Acupuncture versus Dry Needling

Are you confused about the difference between dry needling and acupuncture?

Well, that is ok as I often have people ask what is the difference between acupuncture and dry needling.

Dr Jeff Shearer from Evolve Natural Medicine has written a very comprehensive but succinct article on the differences between the two.

But here is a brief run down.

Dry needling is a technique that is used by physiotherapists, myotherapists, oesteopaths and chiropractors. Some dry needling courses only need 16 hours of training to be able to practice. It is the insertion of a needle into a myofascial trigger point (MTrP), tendon or a joint to release tightness or pain and sometimes to increase the range of motion in a limb. MTrPs are hard, palpable nodules in a taut band of skeletal muscle that may be painful at rest or when you touch it. Often the therapist is wanting to achieve a ‘twitch response’ to release the tight muscle when the dry needling is done. This can be a bit prickly at times…

In Chinese Medicine Ancient texts describe MTrPs as Ashi points (points in a muscle that are tender and tight when pressed). These MTrPs were written about over 1000 yrs ago and many different needling techniques were developed over that time to release the tension and pain in these Ashi and MTrPs.

Similar to the twitch response (but more subtle) is a term used in acupuncture called ‘De Qi’ and this is a sensation that happens when a needle is inserted and there is the arrival of qi (energy) at the acupuncture point. This can be felt occasionally by the patient and often by the acupuncturist.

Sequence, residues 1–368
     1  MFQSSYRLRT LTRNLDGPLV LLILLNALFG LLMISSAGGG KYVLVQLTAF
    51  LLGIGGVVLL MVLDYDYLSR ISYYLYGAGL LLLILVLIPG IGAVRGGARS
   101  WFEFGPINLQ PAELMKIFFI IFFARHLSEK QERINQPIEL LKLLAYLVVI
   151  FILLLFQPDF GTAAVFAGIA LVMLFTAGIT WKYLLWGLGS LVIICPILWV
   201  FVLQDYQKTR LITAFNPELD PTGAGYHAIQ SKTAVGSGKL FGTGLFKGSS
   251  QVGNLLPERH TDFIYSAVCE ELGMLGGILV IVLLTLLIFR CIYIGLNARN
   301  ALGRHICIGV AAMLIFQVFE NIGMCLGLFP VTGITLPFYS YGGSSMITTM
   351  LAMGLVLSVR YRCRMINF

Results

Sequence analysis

At Renew Acupuncture Clinic thinner / finer needles are used in your treatment than those that are traditionally used in dry needling and a ‘twitch response’ is not always found to be necessary to get a successful result for the patient.

Kim has completed a certificate in dry needling in 2013. Working as a nurse for 17 years and studying Nursing, Remedial Massage and Acupuncture allowed for her to study the anatomy, musculature and workings of the body in great detail. Kim knows what part of your anatomy will be below the skin when she inserts a needle into your body.

During her Masters degree to become a registered acupuncturist, Kim performed over 500 hours of supervised clinical practice and a clinical hands-on acupuncture internship in a busy hospital in Hanoi Vietnam. Like a painter with a paint brush, Kim uses the needles gently and smoothly to perform acupuncture and at times dry needling if necessary.

Please review the other pages on this website and the blog to see what else acupuncture is used for other than muscular dysfunction and pain.

If you’re interested in dry needling, book in with an expert in needling

Book in with Kim today.